Using Python Mock to Haunt Your Code

Robert Roskam
Oct 24, 2016 · 3 min read
OK, this title is a bit of stretch. But I wanted so badly to make this in a Halloween theme.

Mock is awesome. Basically you can use it to override namespaces with whatever you want. I’ve often used it before. If you want a simple explanation, Fotis Gimian had a very helpful post a few years back.

So with that in mind, I want to share 2 specific use cases that I recently encountered.

Case 1: Testing without calling a REST/SOAP API

Please concede for me for a moment that there an exists some RESTful API in the universe that will double the money you give it. Let’s further say that it uses tokens for security. And I want to wrap up that API call and token in one spot in my code. I might write something like below. Let me further assume that the fantastic_api library is basically just a wrapper around requests, and so all calls return a requests object.

# money.pyimport fantastic_apidef double(money):
if not isinstance(money, numbers.Number):
raise Exception('Can only double numbers')
token = 'shhhh-ima-secret'
return fantastic_api.double_my_money(token, money)

I’d like some simple unit tests around this code. As desirable it may be to be calling this double_my_money api as often as possible, I should probably not call this API while testing. Just in case.

Here’s how to do that.

# tests.py
import
mock
from unittest import TestCase
import moneyclass ExampleTests(TestCase): @mock.patch('fantastic_api.double_my_money', return_value='5')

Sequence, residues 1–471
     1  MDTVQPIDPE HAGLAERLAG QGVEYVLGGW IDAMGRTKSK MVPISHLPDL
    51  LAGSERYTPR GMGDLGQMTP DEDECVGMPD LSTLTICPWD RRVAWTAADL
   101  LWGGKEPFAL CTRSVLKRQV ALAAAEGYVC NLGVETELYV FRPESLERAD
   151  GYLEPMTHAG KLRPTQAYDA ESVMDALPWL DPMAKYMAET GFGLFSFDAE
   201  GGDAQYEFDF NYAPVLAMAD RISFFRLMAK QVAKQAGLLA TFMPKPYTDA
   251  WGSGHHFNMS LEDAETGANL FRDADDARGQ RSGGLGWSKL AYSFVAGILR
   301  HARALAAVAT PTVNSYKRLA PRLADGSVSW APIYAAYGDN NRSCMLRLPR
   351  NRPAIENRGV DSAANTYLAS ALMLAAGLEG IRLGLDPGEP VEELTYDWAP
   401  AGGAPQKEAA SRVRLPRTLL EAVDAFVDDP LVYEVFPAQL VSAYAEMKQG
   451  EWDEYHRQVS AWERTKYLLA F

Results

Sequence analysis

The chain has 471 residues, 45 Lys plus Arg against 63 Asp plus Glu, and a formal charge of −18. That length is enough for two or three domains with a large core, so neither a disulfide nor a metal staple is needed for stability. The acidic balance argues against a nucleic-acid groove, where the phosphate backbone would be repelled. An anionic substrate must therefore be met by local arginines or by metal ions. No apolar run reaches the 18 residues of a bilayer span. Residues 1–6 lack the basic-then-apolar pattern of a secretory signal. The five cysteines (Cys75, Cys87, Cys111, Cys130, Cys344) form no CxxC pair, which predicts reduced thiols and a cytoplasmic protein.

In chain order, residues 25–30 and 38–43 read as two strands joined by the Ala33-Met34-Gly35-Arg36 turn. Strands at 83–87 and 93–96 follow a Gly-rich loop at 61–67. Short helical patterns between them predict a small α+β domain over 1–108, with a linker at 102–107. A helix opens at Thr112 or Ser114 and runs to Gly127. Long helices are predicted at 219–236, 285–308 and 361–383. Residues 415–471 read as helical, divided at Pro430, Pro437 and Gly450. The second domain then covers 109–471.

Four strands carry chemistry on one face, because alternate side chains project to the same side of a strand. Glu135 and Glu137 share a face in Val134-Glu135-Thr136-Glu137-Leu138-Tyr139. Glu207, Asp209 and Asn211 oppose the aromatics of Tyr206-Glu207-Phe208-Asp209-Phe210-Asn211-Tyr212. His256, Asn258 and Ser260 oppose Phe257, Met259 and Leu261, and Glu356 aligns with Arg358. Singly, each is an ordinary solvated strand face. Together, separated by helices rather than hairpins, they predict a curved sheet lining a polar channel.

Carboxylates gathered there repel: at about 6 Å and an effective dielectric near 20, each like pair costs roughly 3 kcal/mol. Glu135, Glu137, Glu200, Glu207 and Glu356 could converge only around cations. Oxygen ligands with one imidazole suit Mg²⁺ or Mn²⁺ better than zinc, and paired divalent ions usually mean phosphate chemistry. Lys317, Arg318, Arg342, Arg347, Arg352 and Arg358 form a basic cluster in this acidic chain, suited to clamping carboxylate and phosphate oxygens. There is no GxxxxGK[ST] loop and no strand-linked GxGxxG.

def test_double_money(self):
self.assertEquals(money.double(2), 5)

@mock.patch('fantastic_api.double_my_money', return_value=None)
def test_double_money_wrong_type(self):
self.assertRaises(Exception, money.double('apples')

So the idea here is pretty simple: I have the mock library overriding fantastic_api.double_my_money and stating the return_value. The test_double_money is just to ensure that indeed my override works as intended. (5 clearly is not double of 2, but I overrode it right here.)

The second test is the real test: I just want to look before I leap at run time, because the api library doesn’t have type checking itself. (I know kinda weird. Maybe fantastic_api isn’t so fantastic at all.)

Case 2: Pretend that you have imported a library

Let’s continue my previous example above. But let’s say that I’m trying to generalize my python script now to potentially use a lot of different services.

# money.pydef double(token, money):
if not isinstance(money, numbers.Number):
raise Exception('Can only double numbers')
_double = find_call()
return _double(token, money)
def find_call()
try:
import fantastic_api
return fantastic_api.double_my_money
except:
pass
try:
import awesome_api
return awesome_api.double
except:
raise Exception('Need to use awesome_api or fantastic_api')

Now we have a more generalized interface to be able use different API services to do the same thing. I just need to install one. That’s cool. But how do we test that?

# tests.py
from
mock import patch, MagicMock
from unittest import TestCase
import money
import fantastic_api
class ExampleTests(TestCase):

@patch.dict('sys.modules', {'awesome_api': MagicMock()}):
def test_double_money_wrong_type(self):
foo = money.find_call()
self.assertEquals(#something here that makes sense)

The biggest thing to note in all of this is that line with MagicMock. Basically, at the time of running this specific unit test, there will exist a module by the name of awesome_api.

This can be super useful if you have logic in your system that stops a user of a library from proceeding until they configure their code further.

Robert Roskam

Written by

I write about Python, Django, and web dev in general.

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